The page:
Astrology Romps into the Bedroom
It had to happen, I guess. A new book, Sextrology: The Astrology of Sex and the Sexes, written by New York astrologers Stella Starsky and (wince) Quinn Cox gets a fair amount of column inches in the Dominion Post (July 8.)
Seems that the creative couple, Starksky and Cox, have been churning out this stuff for at least 20 years. Their theory, briefly, is that women and men in the same sign can be totally opposite. It means there are 24 signs of the zodiac, not 12. Two for the price of one, as it were.
The book, by all accounts, is a bit racey and fairly explicit in its use of language. Male Capricorns may have a predilection for schoolgirls and spanking; Cancerian females are fans of sex clubs and sado-masochism. Makes the mind boggle but what a good marketing idea. It’s kinky, it’s naughty, it will sell well, especially when reported on by writers who conclude there’s something to it all. “… there are pages of analysis of … personality and attitudes to relationships that I found at times to be spookily accurate.” Except for the bits that say she’s supposed to be into sex clubs, S&M, swinging and sub-mission fantasies.
Hm. I wonder what Starsky and Cox have to say about female Capricorns…
Walk on the Wild Side
Such pondering aside, it was with a pang of sadness that we learned that some people had to be treated for burns after a fire walking in Dunedin (Dominion Post, July 12.)
The event was run by the New Zealand International Science Festival as a fund raiser for St John and was a bid to create a world record. About 450 people walked through a 3.5m hot charcoal pit, and of those, 28 were treated for burns, 11 of them in hospital. The fire walking raised about $1000 for St John but the organisation spent more than that treating patients.
The festival director said they certainly didn’t want to cause any pain for people and they probably wouldn’t knowingly get into it again. Which is a shame, because as we skeptics know, such events are a good way to highlight some basic science. Maybe it was just a case of too many feet — 28 out of 450 is, after all, only a little more than 6% requiring treatment.
As for whether or not a record was set, it’s too early to tell. Let’s cross our fingers…
Bacteria Beware — Science to the Rescue!
Christmas is coming up and this writer is holding out for a Twinbird Ion desk lamp. It emits ionised air towards one’s brain, which makes one brainier. Bring it on, I say.
The ion desk lamp is just one item on sale in Japan, where a health neurosis is reportedly sweeping the country (Dominion Post, June 15.) It appears negatively-charged air particles can produce an endless range of potential health benefits, from cleaning the air to stimulating the brain. Devious devices include Bio Shoes which pump ionised air into shoes over-night to sanitise them, and the Plasmacluster Ion Fridge, which smothers viruses and bacteria with both negative and positive ions. The Photo Ion Blaster will not only render your face clean and bacteria-free, it will also eliminate wrinkles. Everything from pens to doorknobs are marketed with anti-bacterial films and one firm stocks more than 20 different models of washing machine that destroy bacteria by negatively charging a load of washing. A lovely quote: “I’m not even sure what exactly this minus ion technology does, but I feel that I have a duty to buy it.”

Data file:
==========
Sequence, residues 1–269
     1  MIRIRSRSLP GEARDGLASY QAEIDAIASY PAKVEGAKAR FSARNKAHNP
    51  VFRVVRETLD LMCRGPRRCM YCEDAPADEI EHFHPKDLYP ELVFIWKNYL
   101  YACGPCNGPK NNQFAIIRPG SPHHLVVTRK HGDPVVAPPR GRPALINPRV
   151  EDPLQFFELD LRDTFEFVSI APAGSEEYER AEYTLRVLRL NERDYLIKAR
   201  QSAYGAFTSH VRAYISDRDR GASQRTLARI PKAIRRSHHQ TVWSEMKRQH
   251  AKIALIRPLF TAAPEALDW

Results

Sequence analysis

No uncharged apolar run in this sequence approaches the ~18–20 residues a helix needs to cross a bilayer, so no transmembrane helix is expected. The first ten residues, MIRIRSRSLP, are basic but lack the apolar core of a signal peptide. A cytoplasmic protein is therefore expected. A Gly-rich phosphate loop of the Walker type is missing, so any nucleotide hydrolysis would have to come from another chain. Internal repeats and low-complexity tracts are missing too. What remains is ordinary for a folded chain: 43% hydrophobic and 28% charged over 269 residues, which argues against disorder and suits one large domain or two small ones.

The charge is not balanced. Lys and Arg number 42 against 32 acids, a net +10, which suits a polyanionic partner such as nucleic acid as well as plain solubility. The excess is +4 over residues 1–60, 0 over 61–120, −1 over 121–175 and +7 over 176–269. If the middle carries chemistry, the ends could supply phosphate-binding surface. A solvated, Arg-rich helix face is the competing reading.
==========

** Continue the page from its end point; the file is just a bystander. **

Restaurant Didn’t Have a Ghost of a Chance
The collapse of Suzanne Paul’s Maori village venture is no surprise to one Auckland woman, who says the Northcote site is haunted and cursed (Herald, July 17).
Strange things have happened at Fisherman’s Wharf, says former owner, Barbara Doyle. Mrs Doyle, who used to run murder mystery weekends at the Brian Boru in Thames, says she had tried to run a restaurant on the site in 2000, but went bankrupt.
She says while she found it hard to believe in ghosts, she felt she should have called in a ghostbuster. On one occasion she saw a man throw himself to his death off a nearby cliff: the venue was cursed, she believed.
Her daughter says she felt spirits inside the building when she lived there for six months, and later heard about a young man who’d hanged himself there.
Ngati Whatua kaumatua Grant Hawke said its original inhabitants, Ngati Tai, endured severe casualties through raids by Ngati Poa and Ngati Whatua.
One of the liquidators said ghost stories were new to him, and that while he’d heard a few creaks, they were possibly the air-conditioning.
And Neville Waldren, of the Restaurant Assocation, said it was a magic spot, but a bit off the beaten track, which contributed to its failure.
Time Running Out for Psychic Forecasters
The Ashburton Guardian’s Matt Smith had a mid-year look at some psychic predictions recently (July 22).
Ashburton psychic Barry Newman predicted Don Brash would be ousted from the National Party leadership by Gerry Brownlee, which is looking unlikely. He also said a world leader would be toppled or slain and armies would march — such as happened to Saddam Hussein.
In cricket, Newman predicted that Jeff Wilson would appear for the Black Caps this year, which he hasn’t yet. Someone in a glass cage would die, with many to cry was another claim, but nothing seems to have come of this one yet, either.
Patricia McLaine claimed Howard Dean would be the Democratic candidate for the US presidency. John Kerry is now confirmed in that role. She also predicted surprise weddings among celebrities — and Britney Spears did marry a childhood friend in early January, so she got one right, Smith says. He adds that McLaine also said space debris would become a major nightmare. “And although it wasn’t quite to that level, a meteorite blasted through an Auckland home last month, generating major interest from astronomy fans world-wide.” Stretching it a bit, I think.